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Formation of Nanocolloidal Metacinnabar in Mercury-DOM-Sulfide Systems

Overview of attention for article published in Environmental Science & Technology, November 2011
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Title
Formation of Nanocolloidal Metacinnabar in Mercury-DOM-Sulfide Systems
Published in
Environmental Science & Technology, November 2011
DOI 10.1021/es201837h
Pubmed ID
Authors

Chase A. Gerbig, Christopher S. Kim, John P. Stegemeier, Joseph N. Ryan, George R. Aiken

Abstract

Direct determination of mercury (Hg) speciation in sulfide-containing environments is confounded by low mercury concentrations and poor analytical sensitivity. Here we report the results of experiments designed to assess mercury speciation at environmentally relevant ratios of mercury to dissolved organic matter (DOM) (i.e., <4 nmol Hg (mg DOM)(-1)) by combining solid phase extraction using C(18) resin with extended X-ray absorption fine structure (EXAFS) spectroscopy. Aqueous Hg(II) and a DOM isolate were equilibrated in the presence and absence of 100 μM total sulfide. In the absence of sulfide, mercury adsorption to the resin increased as the Hg:DOM ratio decreased and as the strength of Hg-DOM binding increased. EXAFS analysis indicated that in the absence of sulfide, mercury bonds with an average of 2.4 ± 0.2 sulfur atoms with a bond length typical of mercury-organic thiol ligands (2.35 Å). In the presence of sulfide, mercury showed greater affinity for the C(18) resin, and its chromatographic behavior was independent of Hg:DOM ratio. EXAFS analysis showed mercury-sulfur bonds with a longer interatomic distance (2.51-2.53 Å) similar to the mercury-sulfur bond distance in metacinnabar (2.53 Å) regardless of the Hg:DOM ratio. For all samples containing sulfide, the sulfur coordination number was below the ideal four-coordinate structure of metacinnabar. At a low Hg:DOM ratio where strong binding DOM sites may control mercury speciation (1.9 nmol mg(-1)) mercury was coordinated by 2.3 ± 0.2 sulfur atoms, and the coordination number rose with increasing Hg:DOM ratio. The less-than-ideal coordination numbers indicate metacinnabar-like species on the nanometer scale, and the positive correlation between Hg:DOM ratio and sulfur coordination number suggests progressively increasing particle size or crystalline order with increasing abundance of mercury with respect to DOM. In DOM-containing sulfidic systems nanocolloidal metacinnabar-like species may form, and these species need to be considered when addressing mercury biogeochemistry.

Twitter Demographics

The data shown below were collected from the profiles of 2 tweeters who shared this research output. Click here to find out more about how the information was compiled.

Mendeley readers

The data shown below were compiled from readership statistics for 66 Mendeley readers of this research output. Click here to see the associated Mendeley record.

Geographical breakdown

Country Count As %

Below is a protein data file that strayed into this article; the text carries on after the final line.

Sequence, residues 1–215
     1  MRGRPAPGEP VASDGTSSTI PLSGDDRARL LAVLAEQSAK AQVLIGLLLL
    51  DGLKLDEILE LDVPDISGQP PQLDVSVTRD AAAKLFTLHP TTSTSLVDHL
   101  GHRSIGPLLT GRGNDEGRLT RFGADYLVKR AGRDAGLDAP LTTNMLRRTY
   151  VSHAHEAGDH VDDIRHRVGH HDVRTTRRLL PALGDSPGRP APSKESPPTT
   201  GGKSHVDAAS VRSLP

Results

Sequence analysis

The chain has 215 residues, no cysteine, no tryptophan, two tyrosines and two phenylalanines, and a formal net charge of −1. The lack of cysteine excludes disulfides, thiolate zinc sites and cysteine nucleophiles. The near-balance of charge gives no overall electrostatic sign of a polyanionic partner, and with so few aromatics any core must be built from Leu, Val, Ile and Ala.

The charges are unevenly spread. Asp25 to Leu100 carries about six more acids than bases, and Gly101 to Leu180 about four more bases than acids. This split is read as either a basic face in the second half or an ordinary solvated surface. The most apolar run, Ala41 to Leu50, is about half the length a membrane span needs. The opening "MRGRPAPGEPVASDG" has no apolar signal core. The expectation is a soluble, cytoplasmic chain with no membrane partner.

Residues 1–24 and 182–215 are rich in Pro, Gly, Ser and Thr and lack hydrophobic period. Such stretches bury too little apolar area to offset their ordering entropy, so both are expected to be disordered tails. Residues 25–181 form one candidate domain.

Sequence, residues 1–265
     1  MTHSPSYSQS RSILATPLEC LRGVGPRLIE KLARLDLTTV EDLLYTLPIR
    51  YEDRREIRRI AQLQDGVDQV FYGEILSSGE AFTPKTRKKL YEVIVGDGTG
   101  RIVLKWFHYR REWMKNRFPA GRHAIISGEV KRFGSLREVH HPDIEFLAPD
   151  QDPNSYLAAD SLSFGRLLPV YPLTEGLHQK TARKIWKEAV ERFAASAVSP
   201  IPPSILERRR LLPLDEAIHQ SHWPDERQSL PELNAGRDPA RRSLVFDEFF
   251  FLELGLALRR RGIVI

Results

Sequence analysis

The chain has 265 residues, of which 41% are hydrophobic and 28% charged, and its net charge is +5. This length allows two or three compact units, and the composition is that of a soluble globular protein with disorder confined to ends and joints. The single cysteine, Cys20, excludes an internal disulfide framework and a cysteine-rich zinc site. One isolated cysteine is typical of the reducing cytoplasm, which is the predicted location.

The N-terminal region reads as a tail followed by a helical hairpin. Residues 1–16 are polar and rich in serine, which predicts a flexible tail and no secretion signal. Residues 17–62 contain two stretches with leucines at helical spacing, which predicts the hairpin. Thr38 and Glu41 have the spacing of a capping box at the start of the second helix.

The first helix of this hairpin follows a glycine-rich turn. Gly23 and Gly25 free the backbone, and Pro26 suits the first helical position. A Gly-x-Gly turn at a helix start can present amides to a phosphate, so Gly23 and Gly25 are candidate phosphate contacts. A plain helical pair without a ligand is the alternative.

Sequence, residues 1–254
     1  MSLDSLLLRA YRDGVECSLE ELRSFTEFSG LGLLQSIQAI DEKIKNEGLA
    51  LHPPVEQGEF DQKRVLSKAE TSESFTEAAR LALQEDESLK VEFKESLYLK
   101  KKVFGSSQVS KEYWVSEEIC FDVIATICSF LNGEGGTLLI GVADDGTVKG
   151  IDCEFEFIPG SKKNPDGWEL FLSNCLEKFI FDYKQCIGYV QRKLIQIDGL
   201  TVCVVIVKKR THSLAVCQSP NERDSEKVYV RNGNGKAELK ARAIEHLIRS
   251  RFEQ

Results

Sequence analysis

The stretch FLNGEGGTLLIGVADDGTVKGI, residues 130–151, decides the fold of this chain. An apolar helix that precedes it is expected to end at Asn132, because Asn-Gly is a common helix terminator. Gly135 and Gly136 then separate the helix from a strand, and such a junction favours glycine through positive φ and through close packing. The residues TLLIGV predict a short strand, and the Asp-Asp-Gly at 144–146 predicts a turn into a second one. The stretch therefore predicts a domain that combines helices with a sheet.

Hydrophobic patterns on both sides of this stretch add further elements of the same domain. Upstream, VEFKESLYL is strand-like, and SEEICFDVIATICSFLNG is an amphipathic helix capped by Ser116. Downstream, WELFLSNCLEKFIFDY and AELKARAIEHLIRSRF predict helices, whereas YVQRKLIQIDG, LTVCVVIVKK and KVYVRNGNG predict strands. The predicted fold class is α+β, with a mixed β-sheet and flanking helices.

United States 3 5%
Italy 1 2%
Unknown 62 94%

Demographic breakdown

Readers by professional status Count As %
Student > Ph. D. Student 19 29%
Researcher 12 18%
Student > Doctoral Student 9 14%
Other 7 11%
Professor 5 8%
Other 11 17%
Unknown 3 5%
Readers by discipline Count As %
Environmental Science 30 45%
Earth and Planetary Sciences 12 18%
Agricultural and Biological Sciences 6 9%
Engineering 5 8%
Chemistry 4 6%
Other 4 6%
Unknown 5 8%

Attention Score in Context

This research output has an Altmetric Attention Score of 2. This is our high-level measure of the quality and quantity of online attention that it has received. This Attention Score, as well as the ranking and number of research outputs shown below, was calculated when the research output was last mentioned on 18 June 2013.
All research outputs
#2,087,829
of 4,507,280 outputs
Outputs from Environmental Science & Technology
#2,607
of 4,705 outputs
Outputs of similar age
#39,804
of 89,609 outputs
Outputs of similar age from Environmental Science & Technology
#128
of 251 outputs
Altmetric has tracked 4,507,280 research outputs across all sources so far. This one has received more attention than most of these and is in the 52nd percentile.
So far Altmetric has tracked 4,705 research outputs from this source. They typically receive more attention than average, with a mean Attention Score of 8.4. This one is in the 43rd percentile – i.e., 43% of its peers scored the same or lower than it.
Older research outputs will score higher simply because they've had more time to accumulate mentions. To account for age we can compare this Altmetric Attention Score to the 89,609 tracked outputs that were published within six weeks on either side of this one in any source. This one has gotten more attention than average, scoring higher than 54% of its contemporaries.
We're also able to compare this research output to 251 others from the same source and published within six weeks on either side of this one. This one is in the 48th percentile – i.e., 48% of its contemporaries scored the same or lower than it.